“He had no reason to wish his hair longer, to conceal any confusion of face; no reason to wish the money unspent, to improve his spirits. He was quite as undaunted and as lively as ever; and, after seeing him, Emma thus moralised to herself:— «I do not know whether it ought to be so, but certainly silly things do cease to be silly if they are done by sensible people in an impudent way.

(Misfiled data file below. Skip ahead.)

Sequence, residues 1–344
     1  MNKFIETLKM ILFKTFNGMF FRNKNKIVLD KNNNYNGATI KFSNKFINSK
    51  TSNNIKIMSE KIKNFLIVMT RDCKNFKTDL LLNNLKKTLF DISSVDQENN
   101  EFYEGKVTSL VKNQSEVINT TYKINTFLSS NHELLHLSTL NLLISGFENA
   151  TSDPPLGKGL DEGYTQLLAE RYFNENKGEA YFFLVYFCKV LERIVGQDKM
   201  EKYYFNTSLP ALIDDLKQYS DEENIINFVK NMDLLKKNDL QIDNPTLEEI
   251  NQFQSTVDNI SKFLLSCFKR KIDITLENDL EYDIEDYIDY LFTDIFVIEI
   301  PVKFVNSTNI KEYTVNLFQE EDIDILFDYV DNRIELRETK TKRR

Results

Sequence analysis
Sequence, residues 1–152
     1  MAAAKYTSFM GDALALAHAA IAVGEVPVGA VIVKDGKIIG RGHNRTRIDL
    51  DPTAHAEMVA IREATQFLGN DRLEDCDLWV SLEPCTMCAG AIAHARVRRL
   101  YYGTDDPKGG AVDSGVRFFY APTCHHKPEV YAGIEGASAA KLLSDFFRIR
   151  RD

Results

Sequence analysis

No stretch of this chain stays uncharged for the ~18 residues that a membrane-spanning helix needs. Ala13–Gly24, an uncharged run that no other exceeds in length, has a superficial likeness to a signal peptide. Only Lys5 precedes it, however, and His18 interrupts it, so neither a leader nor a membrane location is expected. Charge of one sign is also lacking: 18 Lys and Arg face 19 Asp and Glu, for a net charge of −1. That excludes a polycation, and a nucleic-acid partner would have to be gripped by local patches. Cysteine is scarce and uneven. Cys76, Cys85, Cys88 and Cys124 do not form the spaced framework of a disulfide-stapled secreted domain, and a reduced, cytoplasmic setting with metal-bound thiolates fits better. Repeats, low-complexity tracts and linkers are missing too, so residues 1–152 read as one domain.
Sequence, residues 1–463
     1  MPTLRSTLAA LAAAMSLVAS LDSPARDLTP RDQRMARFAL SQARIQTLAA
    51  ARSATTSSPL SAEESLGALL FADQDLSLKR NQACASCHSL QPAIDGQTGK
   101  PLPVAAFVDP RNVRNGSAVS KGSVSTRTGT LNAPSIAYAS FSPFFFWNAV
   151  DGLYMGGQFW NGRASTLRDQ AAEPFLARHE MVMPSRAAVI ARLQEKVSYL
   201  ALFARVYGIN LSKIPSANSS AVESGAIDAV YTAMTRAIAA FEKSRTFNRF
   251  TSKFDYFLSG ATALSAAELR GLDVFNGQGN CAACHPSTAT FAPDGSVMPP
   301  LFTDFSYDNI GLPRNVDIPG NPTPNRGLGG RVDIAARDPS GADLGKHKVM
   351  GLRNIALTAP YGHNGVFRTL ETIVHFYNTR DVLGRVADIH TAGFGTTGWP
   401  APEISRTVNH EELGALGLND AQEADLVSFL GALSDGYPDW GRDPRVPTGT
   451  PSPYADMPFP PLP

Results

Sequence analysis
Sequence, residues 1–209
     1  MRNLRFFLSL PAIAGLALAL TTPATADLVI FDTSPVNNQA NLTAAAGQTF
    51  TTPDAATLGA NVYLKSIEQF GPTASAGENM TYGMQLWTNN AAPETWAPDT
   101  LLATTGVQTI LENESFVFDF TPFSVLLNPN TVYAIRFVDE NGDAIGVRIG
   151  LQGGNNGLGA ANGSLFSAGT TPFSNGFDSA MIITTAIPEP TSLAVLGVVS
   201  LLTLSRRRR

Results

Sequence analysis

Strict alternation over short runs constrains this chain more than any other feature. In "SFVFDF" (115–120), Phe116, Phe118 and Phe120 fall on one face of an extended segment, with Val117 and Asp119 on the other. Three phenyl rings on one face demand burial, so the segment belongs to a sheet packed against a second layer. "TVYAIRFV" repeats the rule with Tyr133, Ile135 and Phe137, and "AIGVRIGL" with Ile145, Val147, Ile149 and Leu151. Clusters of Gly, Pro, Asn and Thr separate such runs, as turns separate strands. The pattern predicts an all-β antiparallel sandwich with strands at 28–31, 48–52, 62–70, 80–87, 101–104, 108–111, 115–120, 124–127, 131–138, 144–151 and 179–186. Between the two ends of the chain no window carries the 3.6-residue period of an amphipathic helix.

Wickedness is always wickedness, but folly is not always folly.—It depends upon the character of those who handle it. Mr. Knightley, he is not a trifling, silly young man. If he were, he would have done this differently.”